Portrait of Roar Espevik.

Roar Espevik is a Professor at the Department of Leadership and Command & Control at the Swedish Defence University.

From submarine commander to professor

Roar Espevik has a background as a submarine officer and extensive experience in leadership development under stressful conditions. His drive to try something new led him to the Swedish Defence University, where he is working on systematising the research on leadership training in the officer programme.

Roar Espevik was appointed Professor of Leadership and Management at the Swedish Defence University in October 2021. He comes from a position as Dean at the Naval War College, University of Bergen, where he was also Head of Research and Head Lecturer in Leadership. It was while working as a submarine commander in the Norwegian Navy that awoke his interest in leadership development and pedagogy.

"When you work as closely together as you do on a submarine, there are many questions about what works and what does not when you teach people to handle extreme situations. Some people also work better under pressure than others. I was curious why this was so, and sought out research."

Leadership in groups

He started his PhD at the age of 45 and defended his thesis on teamwork in military teams in 2011. The common thread in his work is the topic of how to make teams work together under stressful conditions.

"I am interested in team aspects of leadership, how to make people take responsibility and how communication works in different situations. I also look at causal relationships and the types of processes that strengthen teamwork and how people adapt to new situations and conditions."

His years as a submarine officer and his work with cadet training in Norway have shaped him and provided him with experience of what is important to emphasise when future officers are learning how to make decisions.

"I have worked quite extensively with problem-based learning where you use different scenarios and exercises to practice specific elements and skills. It is important to practise decision-making skills and to work together in different circumstances."

Research based on experiments

In his research, Espevik has tried different types of experiments to test and assess exercises and situations. He believes that it is a great advantage to work with cadet training while collecting empirical material for further research.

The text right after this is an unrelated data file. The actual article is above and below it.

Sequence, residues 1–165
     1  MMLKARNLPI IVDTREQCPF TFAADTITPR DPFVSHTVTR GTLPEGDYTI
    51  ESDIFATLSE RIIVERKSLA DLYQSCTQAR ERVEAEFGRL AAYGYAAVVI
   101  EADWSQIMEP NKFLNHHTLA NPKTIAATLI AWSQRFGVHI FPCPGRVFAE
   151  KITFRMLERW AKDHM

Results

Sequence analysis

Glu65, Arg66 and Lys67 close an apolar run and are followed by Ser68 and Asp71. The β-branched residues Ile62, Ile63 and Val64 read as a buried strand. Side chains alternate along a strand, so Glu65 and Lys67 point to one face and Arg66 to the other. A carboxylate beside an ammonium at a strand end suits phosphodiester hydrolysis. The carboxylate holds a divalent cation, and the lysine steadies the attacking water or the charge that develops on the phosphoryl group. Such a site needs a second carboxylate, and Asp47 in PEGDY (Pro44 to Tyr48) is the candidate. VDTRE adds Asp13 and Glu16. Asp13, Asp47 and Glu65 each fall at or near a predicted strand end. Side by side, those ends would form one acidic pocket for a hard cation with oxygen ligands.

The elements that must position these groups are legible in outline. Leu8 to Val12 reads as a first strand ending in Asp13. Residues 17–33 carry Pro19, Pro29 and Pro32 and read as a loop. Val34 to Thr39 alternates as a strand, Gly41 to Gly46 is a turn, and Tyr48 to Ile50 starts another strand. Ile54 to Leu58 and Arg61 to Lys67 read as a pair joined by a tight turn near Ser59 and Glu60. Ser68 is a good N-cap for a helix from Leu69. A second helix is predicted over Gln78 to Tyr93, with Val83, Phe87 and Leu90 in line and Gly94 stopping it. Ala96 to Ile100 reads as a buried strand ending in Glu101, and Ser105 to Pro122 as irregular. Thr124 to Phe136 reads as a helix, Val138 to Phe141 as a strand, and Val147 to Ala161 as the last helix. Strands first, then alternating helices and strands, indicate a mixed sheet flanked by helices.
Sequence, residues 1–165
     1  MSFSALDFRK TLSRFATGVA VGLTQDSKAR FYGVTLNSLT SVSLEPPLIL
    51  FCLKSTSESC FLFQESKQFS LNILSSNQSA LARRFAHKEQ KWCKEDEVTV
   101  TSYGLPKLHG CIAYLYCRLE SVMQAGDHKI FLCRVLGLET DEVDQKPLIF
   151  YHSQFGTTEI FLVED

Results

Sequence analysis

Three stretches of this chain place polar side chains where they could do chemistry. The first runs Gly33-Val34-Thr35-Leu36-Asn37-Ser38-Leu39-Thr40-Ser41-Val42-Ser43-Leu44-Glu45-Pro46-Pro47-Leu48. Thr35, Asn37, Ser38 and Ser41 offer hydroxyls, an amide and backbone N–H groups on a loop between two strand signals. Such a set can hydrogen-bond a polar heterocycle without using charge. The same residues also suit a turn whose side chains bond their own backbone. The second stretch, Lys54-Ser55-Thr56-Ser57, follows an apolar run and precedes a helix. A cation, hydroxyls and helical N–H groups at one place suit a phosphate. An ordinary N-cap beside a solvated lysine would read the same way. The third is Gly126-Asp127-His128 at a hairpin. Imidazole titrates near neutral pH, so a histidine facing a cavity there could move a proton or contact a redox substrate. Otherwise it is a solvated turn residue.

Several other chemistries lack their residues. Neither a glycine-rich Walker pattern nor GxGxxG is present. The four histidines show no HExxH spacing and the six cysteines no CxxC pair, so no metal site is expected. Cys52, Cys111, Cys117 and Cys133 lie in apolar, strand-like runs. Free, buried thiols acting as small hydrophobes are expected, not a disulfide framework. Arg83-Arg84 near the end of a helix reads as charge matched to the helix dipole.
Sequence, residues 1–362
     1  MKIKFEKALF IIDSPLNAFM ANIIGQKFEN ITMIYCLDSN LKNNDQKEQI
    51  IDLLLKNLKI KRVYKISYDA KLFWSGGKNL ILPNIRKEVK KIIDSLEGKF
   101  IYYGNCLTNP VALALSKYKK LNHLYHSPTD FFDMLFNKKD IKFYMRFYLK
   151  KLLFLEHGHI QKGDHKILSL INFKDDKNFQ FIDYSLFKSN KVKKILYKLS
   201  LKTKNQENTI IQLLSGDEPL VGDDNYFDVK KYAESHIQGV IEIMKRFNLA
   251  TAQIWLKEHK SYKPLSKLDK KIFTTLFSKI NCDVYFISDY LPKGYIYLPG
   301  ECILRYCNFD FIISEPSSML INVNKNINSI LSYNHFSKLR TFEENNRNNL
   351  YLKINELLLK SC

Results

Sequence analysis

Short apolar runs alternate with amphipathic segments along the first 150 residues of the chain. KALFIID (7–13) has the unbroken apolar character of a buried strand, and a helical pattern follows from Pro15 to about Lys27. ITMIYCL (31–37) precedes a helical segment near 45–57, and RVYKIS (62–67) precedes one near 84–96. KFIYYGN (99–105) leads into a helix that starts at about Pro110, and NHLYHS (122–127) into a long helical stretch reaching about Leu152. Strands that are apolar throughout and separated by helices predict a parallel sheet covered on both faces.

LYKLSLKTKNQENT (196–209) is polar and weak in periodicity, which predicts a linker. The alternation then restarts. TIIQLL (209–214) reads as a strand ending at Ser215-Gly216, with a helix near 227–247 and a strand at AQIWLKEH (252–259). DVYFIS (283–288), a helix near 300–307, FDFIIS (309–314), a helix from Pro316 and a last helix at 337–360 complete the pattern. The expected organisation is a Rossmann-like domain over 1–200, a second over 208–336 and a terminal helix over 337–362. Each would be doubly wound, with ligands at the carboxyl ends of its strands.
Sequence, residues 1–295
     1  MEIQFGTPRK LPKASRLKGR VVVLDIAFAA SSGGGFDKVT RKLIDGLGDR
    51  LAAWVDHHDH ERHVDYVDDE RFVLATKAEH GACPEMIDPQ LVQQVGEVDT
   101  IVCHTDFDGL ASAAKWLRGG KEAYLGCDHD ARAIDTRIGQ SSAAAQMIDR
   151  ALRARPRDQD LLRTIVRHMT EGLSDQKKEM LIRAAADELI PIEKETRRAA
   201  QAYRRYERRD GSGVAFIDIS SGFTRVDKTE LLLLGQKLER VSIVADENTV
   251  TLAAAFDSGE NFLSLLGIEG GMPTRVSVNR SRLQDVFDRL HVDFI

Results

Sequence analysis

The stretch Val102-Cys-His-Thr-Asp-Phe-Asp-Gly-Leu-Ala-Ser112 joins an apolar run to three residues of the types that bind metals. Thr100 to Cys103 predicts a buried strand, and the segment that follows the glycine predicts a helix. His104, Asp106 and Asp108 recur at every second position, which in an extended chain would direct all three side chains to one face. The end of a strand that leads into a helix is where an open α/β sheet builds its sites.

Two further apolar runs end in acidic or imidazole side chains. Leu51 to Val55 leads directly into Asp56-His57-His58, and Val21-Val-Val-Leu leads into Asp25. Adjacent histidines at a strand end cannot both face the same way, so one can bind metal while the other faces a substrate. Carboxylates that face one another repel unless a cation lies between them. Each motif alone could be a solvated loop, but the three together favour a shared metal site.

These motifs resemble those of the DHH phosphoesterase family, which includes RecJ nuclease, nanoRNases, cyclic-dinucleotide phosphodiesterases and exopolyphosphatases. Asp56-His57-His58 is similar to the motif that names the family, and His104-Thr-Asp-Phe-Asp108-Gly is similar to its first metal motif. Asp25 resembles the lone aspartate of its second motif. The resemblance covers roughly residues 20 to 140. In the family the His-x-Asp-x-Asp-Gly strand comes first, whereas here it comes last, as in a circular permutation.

“Those opportunities are something we should make use of. An exercise that is focused on leadership development can also be researched and adapted to fit the pedagogy. In the military, we rely on actual experience, but do we really know that the exercises have the desired effect? We need better research and evaluation procedures so that we make sure that we do the right things", he says.

This is an area that Espevik hopes to continue to develop at the Swedish Defence University.

"For example, cadets may be asked to complete a survey before and after a major exercise so that the results can be evaluated. This allows cadets to reflect on their training and also participate in their own research."

"I am also working on the PhD programme in Leadership and Management and a Nordic graduate school that will hopefully start in the autumn of 2023."

Conducting research under stressful conditions

One of the challenges of researching leadership in stressful conditions is getting close to real-life situations.

"I have recently published two scientific articles looking at the communication between the emergency dispatch centre and ambulances, where one of the challenges was to anonymise the data. It is also time-consuming to have access to the real world and understand the processes and mechanisms at play, but it is incredibly interesting when you see something in the real world that previously was conducted in experiments."

Josefin Svensson

In brief

Title: Professor of Leadership and Command and Control

At the Swedish Defence University since: October, 2021

Current projects: Four scientific articles together with researchers from other universities:

On my free time: I read a lot of fiction, I like soccer, movies, theatre and music.

Last book I read: Jente 1983, by Linn Ullman.

My driving forces as a researcher: I want to help people in extreme situations. I love to see others learn. Being there when the light bulb goes on gives me a lot of energy and is my personal driving force.

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